> The original article made the case that this was cheaper than upgrading existing infrastructure

which part of "I'll happily accept that new tracks need to be built" was unclear?

> designing it to be 250mph capable seems sensible

I understand it's not going to be run at that speed for much of its length, so what's the cost benefit?

> Theres also the fact that this route will have competition, against aircraft and cars, ideally it needs to be quicker than its alternatives in order to succeed

Interesting question whether we will have fossil-fuel powered aircraft for many decades, and as for cars it's a matter of cost. Trains are expensive now - that's where it will compete with cars; they often are already faster than cars for long distances.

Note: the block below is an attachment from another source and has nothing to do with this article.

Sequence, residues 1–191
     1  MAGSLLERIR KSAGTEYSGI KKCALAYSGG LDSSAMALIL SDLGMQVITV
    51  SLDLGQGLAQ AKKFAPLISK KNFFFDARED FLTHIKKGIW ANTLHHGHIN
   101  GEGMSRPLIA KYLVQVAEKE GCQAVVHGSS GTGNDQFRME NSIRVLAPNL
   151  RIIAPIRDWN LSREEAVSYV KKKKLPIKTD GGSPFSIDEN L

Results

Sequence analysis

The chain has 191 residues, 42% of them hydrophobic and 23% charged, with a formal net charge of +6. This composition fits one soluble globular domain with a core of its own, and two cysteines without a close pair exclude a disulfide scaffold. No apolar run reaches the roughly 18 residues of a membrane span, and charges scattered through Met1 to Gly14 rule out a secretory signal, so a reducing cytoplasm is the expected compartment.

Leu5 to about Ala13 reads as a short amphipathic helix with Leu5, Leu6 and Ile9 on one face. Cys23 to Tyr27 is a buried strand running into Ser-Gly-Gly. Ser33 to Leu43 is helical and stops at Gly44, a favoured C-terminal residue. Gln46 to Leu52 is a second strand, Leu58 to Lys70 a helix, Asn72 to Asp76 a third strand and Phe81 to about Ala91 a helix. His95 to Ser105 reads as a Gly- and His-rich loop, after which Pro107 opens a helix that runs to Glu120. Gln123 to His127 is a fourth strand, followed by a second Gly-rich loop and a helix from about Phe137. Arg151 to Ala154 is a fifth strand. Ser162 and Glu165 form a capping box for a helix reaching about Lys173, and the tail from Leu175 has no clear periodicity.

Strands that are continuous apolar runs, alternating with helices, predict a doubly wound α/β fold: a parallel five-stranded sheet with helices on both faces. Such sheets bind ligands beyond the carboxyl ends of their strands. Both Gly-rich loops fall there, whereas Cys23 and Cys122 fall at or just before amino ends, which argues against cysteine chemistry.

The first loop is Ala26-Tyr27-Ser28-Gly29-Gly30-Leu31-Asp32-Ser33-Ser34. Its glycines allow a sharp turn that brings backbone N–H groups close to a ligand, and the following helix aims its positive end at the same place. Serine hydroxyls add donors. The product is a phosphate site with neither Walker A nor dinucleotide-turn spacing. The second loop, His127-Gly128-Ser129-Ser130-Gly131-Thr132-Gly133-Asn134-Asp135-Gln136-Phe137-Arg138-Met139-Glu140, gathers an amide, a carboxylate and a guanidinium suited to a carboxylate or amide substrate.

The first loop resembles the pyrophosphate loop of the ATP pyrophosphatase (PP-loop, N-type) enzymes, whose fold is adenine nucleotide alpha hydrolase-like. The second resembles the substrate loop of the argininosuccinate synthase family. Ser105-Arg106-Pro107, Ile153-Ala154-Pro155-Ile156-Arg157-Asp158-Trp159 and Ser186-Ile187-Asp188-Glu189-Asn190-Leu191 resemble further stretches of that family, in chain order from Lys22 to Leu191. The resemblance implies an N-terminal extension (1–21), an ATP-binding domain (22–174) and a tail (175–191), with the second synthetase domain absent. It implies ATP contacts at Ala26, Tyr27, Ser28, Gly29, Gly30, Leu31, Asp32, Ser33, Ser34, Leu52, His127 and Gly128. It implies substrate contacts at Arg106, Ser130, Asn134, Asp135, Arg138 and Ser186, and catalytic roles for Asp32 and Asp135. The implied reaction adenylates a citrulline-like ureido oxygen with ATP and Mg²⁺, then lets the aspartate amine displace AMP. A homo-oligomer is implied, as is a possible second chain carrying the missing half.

> Longer trains probably will increase capacity

'probably'?

> but mailing around TB hard drives probably has higher bandwidth than the average internet connection

false equivalence. Trains can already be faster than cars.


I don't think it's beyond the wits of engineers to work out which parts of the track need to be 250mph capable given the acceleration profile of the trains that are likely to use it. The ECML out of King's Cross is a 125mph route but unsurprisingly the points outside the station aren't designed for anything close to that.


Relevant snippet from https://www.channel4.com/news/factcheck/factcheck-qa-how-doe...

<<<

Will HS2 be the world’s fastest bullet train?